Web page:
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When Drugs Don't Kill 'Bugs'

May 1, 2003
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What can be done to protect residents from drug-resistant bacteria By Robert J. Sharbaugh, PhD, CIC
When Drugs Don't Kill 'Bugs'
Strategies for preventing the spread of infections caused by antibiotic-resistant bacteria

BY ROBERT J. SHARBAUGH, PHD, CIC When Sir Alexander Fleming observed in 1928 that colonies of the bacterium Staphylococcus aureus could be destroyed by the mold Penicillium notatum, a new age was about to dawn-an age in which physicians would finally have effective weapons to use in their fight against infectious diseases. Many wounded and sick soldiers' lives were saved during World War II by penicillin, the antibiotic that was developed in 1941 from Fleming's discovery. Baby boomers and their parents have been routinely treated with this "miracle drug" ever since-and with the other antibiotics that followed. We've all heard that too much of a good thing is not really so good. Over the last half-century, the wide use-and, in some cases, overuse-of antibiotics has caused many bacteria to develop resistance to the effects of these drugs. By the early 1960s, strains of antibiotic-resistant microorganisms (AROs) already were being identified. Pharmaceutical researchers have countered antibiotic resistance through the years by developing new agents to treat the infections caused by drug-resistant bacteria. But the problem of resistance continues-to the point where, today, some infections are virtually untreatable with antibiotics. Needless to say this is a major public-health concern.

The good news for long-term care facilities is that some of the most highly drug-resistant bacteria are generally confined to other settings-for example, multiple-drug-resistant tuberculosis is found in prisons and in HIV-positive or homeless populations.

The bad news for long-term care is that other antibiotic-resistant bacteria exist throughout the general population and are being seen more and more often in LTC facilities. These include methicillin-resistant S aureus (MRSA) and vancomycin-resistant enterococci (VRE), as well as strains of Streptococcus pneumoniae, pseudomonas species, Neisseria gonorrhea, salmonella species, and others.

What can be done to protect LTC residents from being infected with these drug-resistant bacteria? When residents are admitted to a nursing home or assisted living residence directly from a hospital, could they already be infected with drug-resistant bacteria? Or might these new residents be carriers, bringing the microorganisms into the facility even though they themselves haven't developed an infection? This article will address these questions with infection-control strategies aimed specifically at the problem of antibiotic resistance, with particular attention being given to MRSA.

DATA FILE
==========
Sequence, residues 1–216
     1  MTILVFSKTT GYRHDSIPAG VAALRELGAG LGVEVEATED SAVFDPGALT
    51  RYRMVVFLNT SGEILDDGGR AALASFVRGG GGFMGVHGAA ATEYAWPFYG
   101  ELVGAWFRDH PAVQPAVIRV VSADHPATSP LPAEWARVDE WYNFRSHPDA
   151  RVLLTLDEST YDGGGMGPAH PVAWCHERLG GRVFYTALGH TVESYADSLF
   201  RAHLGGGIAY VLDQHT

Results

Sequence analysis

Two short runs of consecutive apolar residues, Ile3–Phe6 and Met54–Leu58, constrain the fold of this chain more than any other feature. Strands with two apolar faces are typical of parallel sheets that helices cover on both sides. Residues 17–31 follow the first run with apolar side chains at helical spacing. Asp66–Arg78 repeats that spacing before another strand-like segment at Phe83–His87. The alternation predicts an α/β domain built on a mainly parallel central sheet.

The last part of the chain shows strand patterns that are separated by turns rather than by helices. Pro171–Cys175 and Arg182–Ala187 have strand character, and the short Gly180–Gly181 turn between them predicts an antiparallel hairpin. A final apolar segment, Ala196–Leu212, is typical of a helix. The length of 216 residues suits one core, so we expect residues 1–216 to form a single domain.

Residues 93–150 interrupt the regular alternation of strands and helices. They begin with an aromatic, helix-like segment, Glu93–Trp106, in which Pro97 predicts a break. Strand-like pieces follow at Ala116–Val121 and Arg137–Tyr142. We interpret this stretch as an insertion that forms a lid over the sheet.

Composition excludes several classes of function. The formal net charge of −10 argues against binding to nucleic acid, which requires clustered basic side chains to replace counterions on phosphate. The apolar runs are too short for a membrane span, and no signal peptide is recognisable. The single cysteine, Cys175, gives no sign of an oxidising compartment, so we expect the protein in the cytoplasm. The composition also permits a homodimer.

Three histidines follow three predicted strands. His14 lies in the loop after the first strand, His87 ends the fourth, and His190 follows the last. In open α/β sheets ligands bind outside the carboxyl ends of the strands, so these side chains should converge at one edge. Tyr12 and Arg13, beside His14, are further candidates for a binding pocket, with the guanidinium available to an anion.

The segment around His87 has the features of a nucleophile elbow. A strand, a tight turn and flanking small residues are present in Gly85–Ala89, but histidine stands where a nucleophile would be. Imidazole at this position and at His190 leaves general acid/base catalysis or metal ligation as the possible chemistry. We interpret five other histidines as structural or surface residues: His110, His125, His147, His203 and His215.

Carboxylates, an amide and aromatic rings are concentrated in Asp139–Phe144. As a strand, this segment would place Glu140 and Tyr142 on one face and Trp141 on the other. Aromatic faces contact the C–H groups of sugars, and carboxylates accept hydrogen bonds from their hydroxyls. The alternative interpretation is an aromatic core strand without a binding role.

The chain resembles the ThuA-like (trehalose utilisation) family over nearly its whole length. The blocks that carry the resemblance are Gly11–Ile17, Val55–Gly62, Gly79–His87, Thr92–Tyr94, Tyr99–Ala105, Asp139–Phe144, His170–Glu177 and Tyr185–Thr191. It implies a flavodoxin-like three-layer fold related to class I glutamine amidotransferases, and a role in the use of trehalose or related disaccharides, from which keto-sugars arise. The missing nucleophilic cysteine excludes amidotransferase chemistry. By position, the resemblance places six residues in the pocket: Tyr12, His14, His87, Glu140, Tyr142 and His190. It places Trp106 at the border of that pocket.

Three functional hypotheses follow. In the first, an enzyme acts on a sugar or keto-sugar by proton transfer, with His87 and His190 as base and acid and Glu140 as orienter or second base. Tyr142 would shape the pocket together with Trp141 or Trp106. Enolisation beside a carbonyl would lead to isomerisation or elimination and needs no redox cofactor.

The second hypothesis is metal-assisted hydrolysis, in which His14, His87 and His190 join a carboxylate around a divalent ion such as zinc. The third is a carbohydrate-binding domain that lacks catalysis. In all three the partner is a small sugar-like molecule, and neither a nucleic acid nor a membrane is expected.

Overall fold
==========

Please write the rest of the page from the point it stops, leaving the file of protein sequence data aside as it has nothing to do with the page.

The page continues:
In general, the staphylococci, including S aureus, are common members of the human microflora and can routinely be found on the skin, in the oropharynx, and in the lower colon. S aureus causes many infectious complications, including wound infections, carbuncles, cystitis, food poisoning, pneumonia, bacteremia, endocarditis, and osteomyelitis. The vast majority of strains of S aureus are susceptible to many antibiotics, including methicillin. However, certain of the staphylococci, called coagulase-negative strains, are notoriously resistant to many antibiotics, including methicillin, a semisynthetic penicillin developed to treat penicillin-resistant bacteria. Fortunately, these strains are much less frequently involved as infectious agents, although they can sometimes cause surgical-site infections, infected prostheses, and bacteremias associated with in-dwelling vascular catheters, especially central lines. It is important to remember that resistance to methicillin also implies resistance to two other semisynthetic penicillins: oxacillin and nafcillin.

MRSA is not new to the United States, having first been reported in the early 1970s. While its initial presence was noted primarily in VA hospitals and large teaching hospitals, it has, over the years, become widespread in nursing homes and in communities-at-large throughout the country and the world. Its presence, then, is certainly not restricted to the hospital, or nosocomial, setting.

In spite of its ubiquity, MRSA has not been found to be any more virulent than methicillin-sensitive strains of this organism. There are, however, some high-risk factors that tend to predispose one to infection with MRSA and other AROs. Such factors would include respiratory complications (e.g., chronic obstructive pulmonary disease, pulmonary edema, and emphysema), open wounds, and invasive devices (e.g., central lines or tracheostomies). MRSA also tends to have a predilection for intravenous drug abusers and for patients who receive prolonged antibiotic therapy, especially with cephalosporins.

The staphylococci, including MRSA, are transmitted primarily through direct contact with the hands of healthcare providers. As a result, hand washing and the use of appropriate barrier precautions (e.g., gloves) are paramount in preventing the spread of this and other microorganisms. Hand washing is especially important after having contact with a resident's intact skin (e.g., when taking a pulse, or blood pressure or lifting a resident), before inserting in-dwelling urinary catheters or other invasive devices, and after contact with body fluids or excretions, mucous membranes, non-intact skin, and wound dressings.

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